Late Winter Trip to Texas and Oklahoma (February 1997)

I just returned from a great birding trip to Texas and Oklahoma. Although the weather was lousy at times, I was able to see many of my targets thanks to rare bird alerts and tips from local birders. I started and ended the trip in Dallas and drove 2600 miles, including a loop that went through the Lower Rio Grande Valley and a one-day excursion up to Sooner Lake in Oklahoma. I saw the 144 species listed at the end.

Following tips from Sandy Dillard, I visited Lake Tawakoni on Feb. 20 to look for SMITH’S LONGSPURS. I gave up after spending a few hours walking through the fields near the headquarters. I later learned that I was probably a week or so late for SMITH’S LONGSPURS that far south. Although the area seemed to be pretty birdy, I didn’t find any of my targets. However, I heard what must have been a HARRIS’ SPARROW. I next went to check out the fields near Kerens, where Sandy had seen the other three longspurs. It rained very hard, and it appeared that I was too late for these birds as well. This was the low point of the trip. My next stop on the way to Austin (where I had business the next day) was Camp Val Verde in Waco (I selected this stop at the last minute from Kutac’s book on Texas). My luck improved a bit because I got my first good look at a LINCOLN’S SPARROW.

After completing my business on Feb. 21, I zipped over to Brazos County to look for NEOTROPIC CORMORANT, LECONTE’S SPARROW, and AMERICAN WOODCOCK that Bert Frenz posted in the Feb. 16 edition of the Heart-of-Texas rare bird alert. At Lake Bryan, I saw the NEOTROPIC CORMORANT sitting next to DOUBLE-CRESTED CORMORANTS, which was very convenient for comparison. I had to slosh through muck and wade through a foot of water to get over to the marsh area. I didn’t see the LECONTE’S SPARROWS but I did get a good look at a SEDGE WREN (I later found a MARSH WREN for comparison). There was no sign of the AMERICAN WOODCOCK on Steep Hollow Rd. Oh well, I finally saw one for the first time right here in Virginia the day after I got home! Up the road, I got my first good look at a YELLOW-BELLIED SAPSUCKER. Since this area is very birdy (including the largest colony of EASTERN BLUEBIRDS I have seen), I drove away that night disgusted with the fact that ground has been broken for a housing project in the field that is home to the AMERICAN WOODCOCK. Before leaving Brazos County, I called Bert Frenz for some local tips. He invited me to go along on the Rio Brazos Audubon Field Trip the next day. I badly wanted to go, but the ‘Call of the Valley’ was too strong to resist (especially since my time was very limited).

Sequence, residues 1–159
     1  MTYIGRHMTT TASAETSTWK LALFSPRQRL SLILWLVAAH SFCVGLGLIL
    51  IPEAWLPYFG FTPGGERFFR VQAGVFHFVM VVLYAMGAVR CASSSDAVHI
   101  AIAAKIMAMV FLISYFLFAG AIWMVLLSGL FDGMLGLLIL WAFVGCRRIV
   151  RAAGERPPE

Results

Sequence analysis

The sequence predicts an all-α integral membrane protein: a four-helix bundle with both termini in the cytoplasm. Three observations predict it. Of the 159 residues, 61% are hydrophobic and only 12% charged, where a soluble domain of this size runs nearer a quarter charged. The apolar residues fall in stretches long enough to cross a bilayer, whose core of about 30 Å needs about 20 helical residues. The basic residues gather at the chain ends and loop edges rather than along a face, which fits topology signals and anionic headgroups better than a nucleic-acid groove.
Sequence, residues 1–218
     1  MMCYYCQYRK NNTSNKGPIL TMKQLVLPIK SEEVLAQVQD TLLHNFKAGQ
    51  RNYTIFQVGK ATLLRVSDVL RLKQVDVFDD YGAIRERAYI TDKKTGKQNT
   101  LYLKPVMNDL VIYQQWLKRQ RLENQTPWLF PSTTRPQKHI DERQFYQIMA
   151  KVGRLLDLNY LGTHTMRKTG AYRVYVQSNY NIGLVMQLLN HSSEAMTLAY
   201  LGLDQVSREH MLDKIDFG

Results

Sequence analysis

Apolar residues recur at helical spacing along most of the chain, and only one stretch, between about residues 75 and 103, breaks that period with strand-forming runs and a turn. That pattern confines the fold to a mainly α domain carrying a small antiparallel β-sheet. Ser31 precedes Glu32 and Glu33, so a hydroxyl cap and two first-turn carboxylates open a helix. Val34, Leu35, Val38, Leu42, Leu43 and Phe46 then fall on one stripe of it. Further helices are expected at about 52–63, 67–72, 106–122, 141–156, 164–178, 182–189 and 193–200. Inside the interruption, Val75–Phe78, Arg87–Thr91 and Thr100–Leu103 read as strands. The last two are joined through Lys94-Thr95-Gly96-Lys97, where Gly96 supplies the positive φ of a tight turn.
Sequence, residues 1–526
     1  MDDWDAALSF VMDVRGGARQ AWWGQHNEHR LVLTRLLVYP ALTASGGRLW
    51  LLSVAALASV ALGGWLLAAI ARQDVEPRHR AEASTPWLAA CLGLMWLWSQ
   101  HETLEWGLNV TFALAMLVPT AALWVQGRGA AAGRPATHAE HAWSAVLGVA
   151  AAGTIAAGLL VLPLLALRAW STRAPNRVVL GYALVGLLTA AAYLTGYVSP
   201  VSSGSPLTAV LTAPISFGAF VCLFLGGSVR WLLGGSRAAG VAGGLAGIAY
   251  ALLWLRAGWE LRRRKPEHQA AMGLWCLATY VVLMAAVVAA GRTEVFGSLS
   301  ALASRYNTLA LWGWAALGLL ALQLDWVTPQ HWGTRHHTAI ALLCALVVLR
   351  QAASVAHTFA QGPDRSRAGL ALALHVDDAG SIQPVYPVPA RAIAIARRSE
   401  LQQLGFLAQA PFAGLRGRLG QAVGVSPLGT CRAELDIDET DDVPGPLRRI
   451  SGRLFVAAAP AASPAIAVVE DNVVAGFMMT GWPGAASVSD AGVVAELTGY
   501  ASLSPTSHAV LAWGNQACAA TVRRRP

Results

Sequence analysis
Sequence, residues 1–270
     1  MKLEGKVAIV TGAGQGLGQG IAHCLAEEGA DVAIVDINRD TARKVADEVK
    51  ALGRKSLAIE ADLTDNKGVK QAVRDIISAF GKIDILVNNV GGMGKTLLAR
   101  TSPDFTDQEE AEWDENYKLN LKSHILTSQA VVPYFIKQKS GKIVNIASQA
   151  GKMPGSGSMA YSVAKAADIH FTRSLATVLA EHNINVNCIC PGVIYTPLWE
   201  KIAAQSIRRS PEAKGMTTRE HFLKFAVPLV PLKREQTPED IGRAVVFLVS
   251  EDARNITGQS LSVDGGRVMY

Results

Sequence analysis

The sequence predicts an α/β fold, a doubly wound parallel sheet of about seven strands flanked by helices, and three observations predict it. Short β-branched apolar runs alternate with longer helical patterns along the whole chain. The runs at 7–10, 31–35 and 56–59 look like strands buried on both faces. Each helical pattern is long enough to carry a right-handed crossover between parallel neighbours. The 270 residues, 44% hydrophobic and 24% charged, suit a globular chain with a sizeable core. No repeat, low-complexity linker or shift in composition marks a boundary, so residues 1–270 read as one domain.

I began the morning of Feb. 22 in Zapata looking for the WHITE-COLLARED SEADEATERS near the pond by the library. I wasn’t optimistic because it was windy. Indeed, there was no sign of them. However, I did see a a female VERMILION FLYCATCHER. I then drove north on Rte. 16 and a side road for about 25 miles looking for LARK BUNTING based on another tip from Sandy. I saw lots of nice Texas species but no targets. This brief leg of the trip was well worthwhile, however, because I got to see several CRESTED CARACARAS in flight. On my other trip to the Valley, I only saw these birds late in the day when the were perched. I then proceeded to Falcon State Park. As the fickled finger of fate would have it, I spotted a flock of LARK BUNTING near the entrance. Some of them were beginning to molt into breeding plumage. I drive through the campgrounds and got close views of several nice birds, including BRONZED COWBIRD, YELLOW-HEADED BLACKBIRD, ALTAMIRA ORIOLE, and GREEN JAY. I met a couple at the campground who gave me some hot tips regarding Chapeno and Salineno. I went to Chapeno first and saw a GREEN KINGFISHER but none of my targets. I went to Salineno and saw the EASTERN SCREECH-OWL that roosts in a nest box and got great views of AUDUBON’S ORIOLE as well as several other Texas specialties. I enjoyed visiting with the DeWinds, who maintain the feeders and even provide lawn chairs for birders! I drove back to Chapeno and arrived just in time to see four BROWN JAYS, two of which were juveniles. I watched them at the campground, down by the river, and flying across the river. This trip was really starting to get into gear! I ended the day in Salineno watching SCALED QUAIL eating grain that is put out every day for them by an elderly resident. I later realized that I had missed a chance to see a BARN OWL that roosts in Chapeno.